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WordsofLaw

 

Words of law is a regular feature of Massachusetts Law Updates, highlighting a particular word or phrase and its meaning in law.

Today’s phrases are “ with prejudice” and “ without prejudice.”

With prejudice, adv. With loss of all rights; in a way that finally disposes of a party’s claim and bars any future action on that claim.

Dismissal with prejudice, a dismissal usually after an adjudication on the merits, barring the plaintiff from prosecuting any later lawsuit on the same claim.  If after a dismissal with prejudice, the plaintiff files a later suit on the same claim, the defendant in the later suit can assert the defense of res judicata (claim preclusion).

Dismissed with prejudice (of a case) removed from the court’s docket in such a way that the plaintiff is foreclosed from filing a suit again on the same claim or claims.

Without prejudice, adv. Without loss of any rights; in a way that does not harm or cancel the legal rights or privileges of a party.  <dismissed without prejudice>.   “…The use of the phrase simply shows that there has been no decision of the case upon the merits, and prevents defendant from setting up the defense of res adjudicata.  In other words, it leaves the whole subject as open to litigation as if no proceeding had ever been had in the matter.”  40 Cyclopedia of Law and Procedure 2130-31 (William Mack ed., 1912).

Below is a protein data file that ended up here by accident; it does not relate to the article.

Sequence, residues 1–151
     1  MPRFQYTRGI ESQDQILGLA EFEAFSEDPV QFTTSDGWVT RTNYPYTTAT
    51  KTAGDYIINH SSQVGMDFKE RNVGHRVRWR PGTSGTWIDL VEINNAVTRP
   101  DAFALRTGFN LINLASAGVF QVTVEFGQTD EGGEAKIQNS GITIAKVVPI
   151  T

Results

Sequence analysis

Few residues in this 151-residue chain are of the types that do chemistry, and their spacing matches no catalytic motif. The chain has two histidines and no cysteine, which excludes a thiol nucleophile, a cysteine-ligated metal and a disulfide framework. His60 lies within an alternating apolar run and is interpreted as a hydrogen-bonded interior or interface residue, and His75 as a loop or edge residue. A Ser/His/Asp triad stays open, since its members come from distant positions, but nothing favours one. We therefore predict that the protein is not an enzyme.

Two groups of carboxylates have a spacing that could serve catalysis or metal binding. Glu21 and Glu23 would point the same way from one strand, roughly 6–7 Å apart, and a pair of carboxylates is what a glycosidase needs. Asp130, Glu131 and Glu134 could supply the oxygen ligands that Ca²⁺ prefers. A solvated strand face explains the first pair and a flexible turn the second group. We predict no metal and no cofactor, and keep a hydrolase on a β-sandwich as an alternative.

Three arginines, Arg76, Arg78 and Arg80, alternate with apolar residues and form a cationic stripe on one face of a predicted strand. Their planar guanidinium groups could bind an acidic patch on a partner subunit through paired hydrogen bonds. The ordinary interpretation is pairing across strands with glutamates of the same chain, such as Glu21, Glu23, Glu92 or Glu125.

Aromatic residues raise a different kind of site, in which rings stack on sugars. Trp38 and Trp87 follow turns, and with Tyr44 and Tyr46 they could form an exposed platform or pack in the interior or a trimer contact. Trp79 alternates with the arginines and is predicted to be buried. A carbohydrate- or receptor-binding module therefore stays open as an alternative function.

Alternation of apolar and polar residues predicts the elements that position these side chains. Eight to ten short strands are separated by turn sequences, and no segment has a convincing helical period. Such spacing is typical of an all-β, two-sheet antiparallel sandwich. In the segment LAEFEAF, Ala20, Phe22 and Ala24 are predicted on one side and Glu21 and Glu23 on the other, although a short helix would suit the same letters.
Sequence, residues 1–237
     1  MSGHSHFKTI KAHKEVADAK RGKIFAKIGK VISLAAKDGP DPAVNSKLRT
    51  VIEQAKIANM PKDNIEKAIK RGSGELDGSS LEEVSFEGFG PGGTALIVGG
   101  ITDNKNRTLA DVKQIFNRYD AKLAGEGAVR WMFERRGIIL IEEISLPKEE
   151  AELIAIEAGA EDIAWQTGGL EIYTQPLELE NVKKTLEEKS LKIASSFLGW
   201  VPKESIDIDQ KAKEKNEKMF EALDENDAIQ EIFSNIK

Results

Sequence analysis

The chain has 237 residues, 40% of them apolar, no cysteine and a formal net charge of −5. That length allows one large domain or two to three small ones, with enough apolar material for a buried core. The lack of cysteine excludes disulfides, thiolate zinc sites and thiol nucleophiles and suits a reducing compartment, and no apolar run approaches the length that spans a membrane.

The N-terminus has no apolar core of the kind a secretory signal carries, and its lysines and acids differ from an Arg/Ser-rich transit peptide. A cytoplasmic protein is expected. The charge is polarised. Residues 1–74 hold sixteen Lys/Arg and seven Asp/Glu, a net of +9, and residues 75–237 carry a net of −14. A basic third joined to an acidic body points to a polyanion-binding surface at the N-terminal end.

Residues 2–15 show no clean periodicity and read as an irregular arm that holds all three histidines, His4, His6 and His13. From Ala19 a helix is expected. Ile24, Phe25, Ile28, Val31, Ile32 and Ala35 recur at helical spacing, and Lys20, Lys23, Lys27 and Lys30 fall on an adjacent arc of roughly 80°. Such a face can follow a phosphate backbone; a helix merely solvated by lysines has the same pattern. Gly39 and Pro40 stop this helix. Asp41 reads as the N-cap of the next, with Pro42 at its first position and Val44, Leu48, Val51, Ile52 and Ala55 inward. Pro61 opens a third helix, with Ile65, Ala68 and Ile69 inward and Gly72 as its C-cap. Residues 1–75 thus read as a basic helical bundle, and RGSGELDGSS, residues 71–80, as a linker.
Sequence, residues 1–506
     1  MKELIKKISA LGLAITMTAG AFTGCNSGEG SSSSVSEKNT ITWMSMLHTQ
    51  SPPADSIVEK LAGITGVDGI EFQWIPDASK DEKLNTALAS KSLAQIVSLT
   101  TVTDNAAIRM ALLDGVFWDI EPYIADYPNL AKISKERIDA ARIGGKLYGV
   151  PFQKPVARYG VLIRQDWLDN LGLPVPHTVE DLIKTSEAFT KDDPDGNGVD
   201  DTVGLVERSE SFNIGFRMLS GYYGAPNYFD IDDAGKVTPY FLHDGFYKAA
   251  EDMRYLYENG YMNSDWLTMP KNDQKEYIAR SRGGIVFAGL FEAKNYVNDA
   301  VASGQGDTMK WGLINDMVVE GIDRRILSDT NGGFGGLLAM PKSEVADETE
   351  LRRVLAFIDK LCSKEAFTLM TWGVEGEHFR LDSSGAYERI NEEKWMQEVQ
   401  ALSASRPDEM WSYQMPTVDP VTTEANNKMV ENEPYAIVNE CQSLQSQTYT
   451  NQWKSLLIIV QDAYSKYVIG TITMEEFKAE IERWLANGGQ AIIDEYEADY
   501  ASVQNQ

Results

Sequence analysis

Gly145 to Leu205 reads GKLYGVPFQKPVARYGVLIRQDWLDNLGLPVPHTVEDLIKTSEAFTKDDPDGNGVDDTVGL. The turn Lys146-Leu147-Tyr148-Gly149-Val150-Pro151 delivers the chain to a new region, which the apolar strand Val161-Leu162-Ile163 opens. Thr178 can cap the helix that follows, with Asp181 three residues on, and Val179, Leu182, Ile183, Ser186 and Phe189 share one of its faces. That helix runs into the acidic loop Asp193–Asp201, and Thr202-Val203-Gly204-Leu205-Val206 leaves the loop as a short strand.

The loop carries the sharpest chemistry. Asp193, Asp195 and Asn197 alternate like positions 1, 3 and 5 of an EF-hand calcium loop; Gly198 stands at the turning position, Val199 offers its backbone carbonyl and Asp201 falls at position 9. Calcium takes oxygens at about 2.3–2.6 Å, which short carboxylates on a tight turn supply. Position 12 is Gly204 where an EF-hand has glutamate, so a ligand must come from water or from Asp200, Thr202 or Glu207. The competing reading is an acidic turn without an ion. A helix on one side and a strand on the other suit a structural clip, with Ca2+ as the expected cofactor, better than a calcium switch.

Dismissal without prejudice, a dismissal that does not bar the plaintiff from refiling the lawsuit within the applicable limitations period.

Dismissed without prejudice (of a case) removed from the court’s docket in such a way that the plaintiff may refile the same suit on the same claim.

Black’s Law Dictionary, 10th ed., Bryan A. Garner, Editor in Chief, Thomson Reuters, 2014.

 

With prejudice, adv. (or adj.): final and binding with the effect of res judicata.

Without prejudice, adv. (or adj.): without injury to or detraction from one’s own rights or claims or any cause of action or defense asserted.

Webster’s Third New International Dictionary of the English Language, Unabridged, Philip Babcock Gove, Editor in Chief, Merriam Webster, 1981.

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